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Dispatch from Islamabad: Pakistan's people are paying the price for climate inaction

Child standing in floodwaters

Photo: Maryam Imtiaz/CARE

Photo: Maryam Imtiaz/CARE

Between June and September this year, Pakistan was hit by unprecedented floods that killed over 1,000 people and affected more than 33 million people. Maryam Imtiaz, communications assistant at CARE Pakistan, witnessed first-hand stories of loss, resilience, and solidarity in Balochistan, one of the two most affected provinces. She shares what she has seen and heard, and urges for action to stop climate change and its irreversible damage.

It is shocking to see the utter devastation caused by the floods in my country. Over 33 million people are affected – a huge number to get your head around.

I went to one of the hardest-hit areas of Balochistan province when the floods were at their peak, and it looked like a giant inland sea. We walked in water up to our knees to reach one of CARE’s distribution sites and destruction was all around. You could see the remnants of people’s lives floating by – blankets, pillows, broken chairs and other household items. I saw a small doll in the floodwater at one point, but couldn’t bear to think about what may have happened to the little girl who used to play with it.

Desperation was evident at every turn.

At the height of the floods, I saw grown men and women crying on the streets – crying for their lost loved ones, and for the homes and livelihoods swallowed by the raging floodwaters. Desperation was evident at every turn.

The trauma of incommensurate loss

I spoke to a woman who had lost four family members in the floods. Her extended family lived in eight houses along the riverbank. When the floodwaters came in the middle of the night, the women, children, and their homes were taken in an instant.

When I met her at the CARE distribution site, she was in complete shock. She’d come to get help for the rest of her family. CARE provided her with a shelter and emergency latrine kit and everyday essentials including kitchen items, mosquito nets, buckets, toothpaste, toothbrushes, underwear, soap, water purification tablets and menstrual hygiene products. Her family has lost just about everything, and these items will help get them through the incredibly tough period ahead. There’s a very real risk of waterborne diseases, like cholera, so providing hygiene and sanitation items is so important.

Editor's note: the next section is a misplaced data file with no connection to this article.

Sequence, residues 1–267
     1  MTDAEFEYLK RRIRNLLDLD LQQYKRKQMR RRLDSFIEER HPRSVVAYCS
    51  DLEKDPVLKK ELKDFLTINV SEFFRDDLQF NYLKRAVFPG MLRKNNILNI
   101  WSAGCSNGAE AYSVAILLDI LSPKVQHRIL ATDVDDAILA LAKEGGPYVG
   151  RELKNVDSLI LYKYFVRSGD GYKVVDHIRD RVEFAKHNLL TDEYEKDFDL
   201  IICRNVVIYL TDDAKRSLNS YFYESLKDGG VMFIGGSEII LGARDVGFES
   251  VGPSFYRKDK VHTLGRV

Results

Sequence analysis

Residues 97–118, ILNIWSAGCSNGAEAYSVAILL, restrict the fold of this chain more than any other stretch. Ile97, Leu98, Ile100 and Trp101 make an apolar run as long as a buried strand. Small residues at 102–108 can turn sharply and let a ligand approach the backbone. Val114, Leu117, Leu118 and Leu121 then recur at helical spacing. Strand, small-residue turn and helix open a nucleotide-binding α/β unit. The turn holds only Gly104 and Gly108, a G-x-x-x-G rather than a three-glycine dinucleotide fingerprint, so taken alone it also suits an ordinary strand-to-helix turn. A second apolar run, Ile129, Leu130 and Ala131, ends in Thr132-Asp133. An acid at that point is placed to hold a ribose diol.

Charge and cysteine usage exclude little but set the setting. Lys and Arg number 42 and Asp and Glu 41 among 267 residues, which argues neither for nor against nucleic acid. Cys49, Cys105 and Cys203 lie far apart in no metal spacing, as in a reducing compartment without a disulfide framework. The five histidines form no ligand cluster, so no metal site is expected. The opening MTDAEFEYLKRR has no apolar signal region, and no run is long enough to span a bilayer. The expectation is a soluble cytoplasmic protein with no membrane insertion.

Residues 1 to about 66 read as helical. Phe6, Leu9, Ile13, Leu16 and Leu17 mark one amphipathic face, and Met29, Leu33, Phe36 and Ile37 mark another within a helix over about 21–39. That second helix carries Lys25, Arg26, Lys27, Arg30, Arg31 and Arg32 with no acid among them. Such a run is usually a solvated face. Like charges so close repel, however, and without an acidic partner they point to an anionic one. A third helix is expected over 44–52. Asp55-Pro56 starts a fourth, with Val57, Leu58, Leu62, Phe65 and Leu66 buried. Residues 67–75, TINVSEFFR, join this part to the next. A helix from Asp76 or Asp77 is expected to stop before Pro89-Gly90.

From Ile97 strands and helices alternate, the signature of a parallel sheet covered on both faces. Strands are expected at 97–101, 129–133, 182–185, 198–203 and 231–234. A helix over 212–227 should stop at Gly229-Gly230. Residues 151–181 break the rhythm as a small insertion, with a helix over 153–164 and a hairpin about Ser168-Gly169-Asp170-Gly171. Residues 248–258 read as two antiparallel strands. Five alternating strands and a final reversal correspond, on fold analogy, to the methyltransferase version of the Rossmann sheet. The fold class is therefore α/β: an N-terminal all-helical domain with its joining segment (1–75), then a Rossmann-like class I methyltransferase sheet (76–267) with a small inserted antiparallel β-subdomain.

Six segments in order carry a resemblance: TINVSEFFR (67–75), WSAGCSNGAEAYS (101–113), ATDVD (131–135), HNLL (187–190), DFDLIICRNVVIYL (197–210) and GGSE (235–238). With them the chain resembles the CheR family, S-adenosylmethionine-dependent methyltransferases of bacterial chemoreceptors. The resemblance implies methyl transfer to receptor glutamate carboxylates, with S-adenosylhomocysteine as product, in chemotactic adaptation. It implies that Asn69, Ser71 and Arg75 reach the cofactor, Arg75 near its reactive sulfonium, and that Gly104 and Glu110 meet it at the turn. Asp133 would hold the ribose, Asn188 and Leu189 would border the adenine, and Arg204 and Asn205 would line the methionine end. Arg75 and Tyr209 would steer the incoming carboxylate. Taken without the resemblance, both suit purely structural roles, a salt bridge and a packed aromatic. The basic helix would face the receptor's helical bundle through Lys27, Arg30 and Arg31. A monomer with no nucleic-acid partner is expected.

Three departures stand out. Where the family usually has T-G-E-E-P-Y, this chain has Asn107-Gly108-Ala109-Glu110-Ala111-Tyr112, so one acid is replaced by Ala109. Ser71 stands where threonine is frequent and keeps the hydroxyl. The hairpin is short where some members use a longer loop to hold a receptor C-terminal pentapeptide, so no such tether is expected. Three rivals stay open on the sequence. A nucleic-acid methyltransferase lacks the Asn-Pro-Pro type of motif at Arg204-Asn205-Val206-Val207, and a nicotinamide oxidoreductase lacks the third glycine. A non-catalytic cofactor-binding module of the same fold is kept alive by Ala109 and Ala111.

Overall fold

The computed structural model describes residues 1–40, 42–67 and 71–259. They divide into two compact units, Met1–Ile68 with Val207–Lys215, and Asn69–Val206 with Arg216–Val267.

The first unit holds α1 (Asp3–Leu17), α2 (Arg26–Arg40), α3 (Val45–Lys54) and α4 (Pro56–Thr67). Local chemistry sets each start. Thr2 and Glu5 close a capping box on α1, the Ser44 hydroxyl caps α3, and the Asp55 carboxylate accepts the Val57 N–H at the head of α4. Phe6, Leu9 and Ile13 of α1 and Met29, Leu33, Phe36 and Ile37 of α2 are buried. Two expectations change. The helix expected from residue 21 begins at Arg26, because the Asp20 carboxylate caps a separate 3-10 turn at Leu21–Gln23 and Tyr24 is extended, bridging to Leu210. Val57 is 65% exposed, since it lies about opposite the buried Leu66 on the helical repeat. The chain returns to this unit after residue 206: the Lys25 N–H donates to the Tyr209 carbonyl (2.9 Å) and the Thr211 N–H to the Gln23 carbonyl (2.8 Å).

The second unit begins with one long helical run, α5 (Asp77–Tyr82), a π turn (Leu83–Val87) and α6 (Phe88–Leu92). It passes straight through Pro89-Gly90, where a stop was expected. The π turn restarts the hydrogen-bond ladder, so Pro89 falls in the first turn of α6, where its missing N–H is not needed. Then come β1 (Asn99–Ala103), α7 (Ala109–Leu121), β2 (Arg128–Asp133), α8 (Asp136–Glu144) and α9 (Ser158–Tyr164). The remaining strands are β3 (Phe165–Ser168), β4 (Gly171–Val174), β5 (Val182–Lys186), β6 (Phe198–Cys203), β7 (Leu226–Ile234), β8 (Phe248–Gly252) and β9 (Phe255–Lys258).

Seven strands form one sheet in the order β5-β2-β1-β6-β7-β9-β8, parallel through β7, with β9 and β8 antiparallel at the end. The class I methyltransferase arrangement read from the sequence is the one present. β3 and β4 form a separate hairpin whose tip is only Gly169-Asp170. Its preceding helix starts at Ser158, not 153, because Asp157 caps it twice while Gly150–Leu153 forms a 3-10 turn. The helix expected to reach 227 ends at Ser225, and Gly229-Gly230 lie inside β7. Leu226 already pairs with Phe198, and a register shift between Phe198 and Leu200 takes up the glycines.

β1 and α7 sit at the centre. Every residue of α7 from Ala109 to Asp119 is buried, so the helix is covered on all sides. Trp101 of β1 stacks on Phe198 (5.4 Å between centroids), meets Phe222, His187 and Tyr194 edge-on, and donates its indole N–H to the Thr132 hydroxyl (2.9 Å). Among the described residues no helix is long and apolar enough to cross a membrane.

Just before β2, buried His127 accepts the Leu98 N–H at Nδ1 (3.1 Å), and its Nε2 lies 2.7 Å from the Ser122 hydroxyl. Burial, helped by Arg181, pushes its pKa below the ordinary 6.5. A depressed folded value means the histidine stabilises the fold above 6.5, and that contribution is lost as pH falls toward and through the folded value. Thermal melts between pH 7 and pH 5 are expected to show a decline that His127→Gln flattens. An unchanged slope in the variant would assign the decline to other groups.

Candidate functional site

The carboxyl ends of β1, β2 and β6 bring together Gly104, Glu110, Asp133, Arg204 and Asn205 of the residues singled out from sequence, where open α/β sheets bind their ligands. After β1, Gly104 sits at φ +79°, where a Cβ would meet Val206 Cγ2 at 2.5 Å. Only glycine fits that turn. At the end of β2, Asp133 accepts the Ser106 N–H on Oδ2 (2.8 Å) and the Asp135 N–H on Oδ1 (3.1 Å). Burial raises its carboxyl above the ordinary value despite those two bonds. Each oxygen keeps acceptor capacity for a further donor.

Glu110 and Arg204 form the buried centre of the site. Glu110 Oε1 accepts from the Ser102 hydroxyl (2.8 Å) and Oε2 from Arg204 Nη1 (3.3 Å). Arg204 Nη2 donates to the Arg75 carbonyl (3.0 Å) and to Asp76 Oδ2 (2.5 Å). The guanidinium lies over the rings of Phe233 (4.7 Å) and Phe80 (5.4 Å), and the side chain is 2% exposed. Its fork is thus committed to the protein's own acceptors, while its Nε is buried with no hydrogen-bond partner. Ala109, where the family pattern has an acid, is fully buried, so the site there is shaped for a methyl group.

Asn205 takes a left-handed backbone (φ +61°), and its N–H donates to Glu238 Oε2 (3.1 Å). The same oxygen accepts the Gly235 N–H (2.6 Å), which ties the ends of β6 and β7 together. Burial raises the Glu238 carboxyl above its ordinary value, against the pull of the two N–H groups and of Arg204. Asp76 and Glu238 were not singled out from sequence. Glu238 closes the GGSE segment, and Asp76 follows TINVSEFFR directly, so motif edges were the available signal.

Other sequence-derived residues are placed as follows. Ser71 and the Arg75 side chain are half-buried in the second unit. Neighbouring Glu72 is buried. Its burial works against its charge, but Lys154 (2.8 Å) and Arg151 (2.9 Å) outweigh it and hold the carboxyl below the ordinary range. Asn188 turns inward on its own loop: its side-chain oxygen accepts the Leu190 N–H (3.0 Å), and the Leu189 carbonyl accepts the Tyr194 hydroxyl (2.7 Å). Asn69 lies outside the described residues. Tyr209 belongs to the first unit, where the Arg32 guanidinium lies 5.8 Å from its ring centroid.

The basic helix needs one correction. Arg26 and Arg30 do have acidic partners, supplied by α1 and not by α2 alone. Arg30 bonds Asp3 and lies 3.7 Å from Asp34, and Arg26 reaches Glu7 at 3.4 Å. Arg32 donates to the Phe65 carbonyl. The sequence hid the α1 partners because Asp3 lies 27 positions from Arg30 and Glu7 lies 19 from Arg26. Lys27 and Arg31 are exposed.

People walking in the flood waters, with umbrella
People walking in the Balochistan province, one of the two most impacted by the floods. Photo: Maryam Imtiaz/CARE

I’ve seen hectares and hectares of maize fields submerged in water. Next season’s crops should have already been planted, but that wasn’t possible because of the stagnant water. Balochistan is one of the provinces in Pakistan worst affected by food insecurity and these floods have made matters worse.

Sehat Khatoon witnessed the drowning of her husband while evacuating her home. Her family is now displaced and living in a communal shelter space where there is a food shortage. Photo: Zeeshan Azam/CARE

The situation is still really tough for pregnant women in flood-affected areas.  Not only do many still not have a proper roof over their heads, but also countless health facilities have been badly damaged.

I heard an incredible tale of bravery that has really stuck with me. A group had taken refuge from the floodwaters on the roof of a house in the middle of the night. While up there, they could hear a little girl screaming in a nearby house. So, they tied a rope around one man’s waist and lowered him into the swirling water. He then made his way over to the girl’s house and pulled her to safety.

When they returned home with their newborn, which should have been a time of joy and hope, they were faced with a home that had been destroyed by the floods.

Maryam Imtiaz

Young woman holding an infant
Saibani-Kharipur is helping to care for her newborn niece, who lost her mother during the floods. Photo: Maryam Imtiaz/CARE

In Sindh province, I met a young woman, Saibani, who shared an utterly heartbreaking story. Her brother had taken his pregnant wife, Fozia, by motorbike through the rain to give birth at a health clinic. When they returned home with their newborn, which should have been a time of joy and hope, they were faced with a home that had been destroyed by the floods.

And, as if things couldn’t get worse, a few days later, Fozia was feeling unwell and, tragically, died on the way to the hospital. Saibani, who is herself impacted by the floods, is now helping care for the newborn baby girl, who was named after her mother. She’s trying to breastfeed the little one but doesn’t have enough milk to feed the baby and her son properly.

The impact of climate change in Pakistan is palpable. We had heatwaves earlier in the year and then these floods barreled through the country, yet Pakistan contributes less than 1% of global emissions.

I think it’s only fair that countries with high per-capita emissions support countries like Pakistan. Those who are the least responsible for climate change should not continue to pay the price for inaction.

Portrait of Maryam Imtiaz
Maryam Imtiaz is a Communications Assistant at CARE Pakistan. She has worked in the emergency response to the floods in Pakistan, that impacted over 33 million people. Photo: CARE Pakistan
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